Russian writer Nikolai Gogol was a master story teller. He specialized in exposing the ridiculousness of human behaviour while retaining a dark stark humour. His play The Gamblers is tale of an elaborate sting where the cheater is cheated upon, the player is played.
Iharev (Amanda Hadingue) has devised a trick that allows him to identify playing cards at a distance, a surefire means of winning every card game. Naturally, he has to show off his skill to his gambler pals Krugel (Crystal Clarke), Uteshiteiny (Hannah McPake), and Shvohnev (Emily Winter). True to their deceitful, devious characters, they set up a scam as hot as a steaming samovar to trick Iharev out of his winnings and well and truly turn the tables on him (or in this case, is it her?)
This re-writing of Gogol’s 19th century work has been realized by fellow Russians, Selma Dimitrijevic and Mikhail Durnenkov who have turned other tables by casting women in the roles of the gamblers. So what is the point of an all-female version? Is it a statement about gender roles? Are women as capable of the same behaviour as men given the right circumstances? Who knows?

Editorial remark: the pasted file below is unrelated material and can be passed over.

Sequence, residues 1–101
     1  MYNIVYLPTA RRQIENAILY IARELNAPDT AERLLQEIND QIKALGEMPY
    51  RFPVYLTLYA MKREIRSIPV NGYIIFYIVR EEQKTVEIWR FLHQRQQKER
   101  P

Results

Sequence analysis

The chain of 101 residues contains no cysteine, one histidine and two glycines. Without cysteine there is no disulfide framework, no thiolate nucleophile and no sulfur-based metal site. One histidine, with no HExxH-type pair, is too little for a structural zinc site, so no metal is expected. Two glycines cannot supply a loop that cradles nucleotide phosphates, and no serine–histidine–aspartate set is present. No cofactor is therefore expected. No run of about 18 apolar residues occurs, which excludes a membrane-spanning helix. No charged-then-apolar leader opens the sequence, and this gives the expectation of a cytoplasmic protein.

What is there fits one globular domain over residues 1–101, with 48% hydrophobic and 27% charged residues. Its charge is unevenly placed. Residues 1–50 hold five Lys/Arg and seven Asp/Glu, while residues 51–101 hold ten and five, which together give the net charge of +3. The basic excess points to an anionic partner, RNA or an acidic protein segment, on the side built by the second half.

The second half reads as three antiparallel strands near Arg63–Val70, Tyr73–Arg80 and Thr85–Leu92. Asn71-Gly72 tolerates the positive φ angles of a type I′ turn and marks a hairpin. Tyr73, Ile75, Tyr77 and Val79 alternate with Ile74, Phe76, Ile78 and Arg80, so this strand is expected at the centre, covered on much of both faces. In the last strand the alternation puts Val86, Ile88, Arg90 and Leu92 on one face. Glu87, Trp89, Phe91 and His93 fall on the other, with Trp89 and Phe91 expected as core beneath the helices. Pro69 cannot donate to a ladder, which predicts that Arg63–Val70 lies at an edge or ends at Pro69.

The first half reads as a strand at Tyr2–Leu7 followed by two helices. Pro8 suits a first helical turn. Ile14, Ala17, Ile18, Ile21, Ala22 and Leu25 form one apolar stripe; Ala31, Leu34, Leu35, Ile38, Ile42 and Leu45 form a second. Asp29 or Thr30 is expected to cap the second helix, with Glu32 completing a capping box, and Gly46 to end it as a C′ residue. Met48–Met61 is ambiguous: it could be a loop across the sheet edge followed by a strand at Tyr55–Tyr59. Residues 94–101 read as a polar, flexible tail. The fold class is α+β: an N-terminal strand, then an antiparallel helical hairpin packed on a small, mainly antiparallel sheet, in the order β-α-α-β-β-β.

The idea is subversive but the reality failed. The play has a fine cast of women actors dressed in men’s suits but that is the extent of it being about strong women. The names remained male as did the gestures. In Brechtian style, the women chat as they change in a sports style changing room from vests and leggings that show their feminine shapes in to the unflattering suits that mostly sit pretty ill. If this is a metaphor for women trying to be as male as the male it feels passé. Think Spitting Image’s Thatcher in a man’s suit.
It is neither a decent drag act nor a feminist rallying cry of empowerment. In spite of much swaggering and posing within the labyrinthine deal and counter deal being played out, only two cast members truly embody male mannerisms. Crystal Clarke is the essence of compact poker coolness as Krugel and Zoe Lambert shines bright as the three diverse characters she captures brilliantly over the piece. Otherwise it feels like a token squeeze in to roles written for men.
The Russian style music is rollicking but Summerhall’s venue is freezing and this play failed to warm the heart.
Tuesday 11– Friday 14 November 2014 at 7,30pm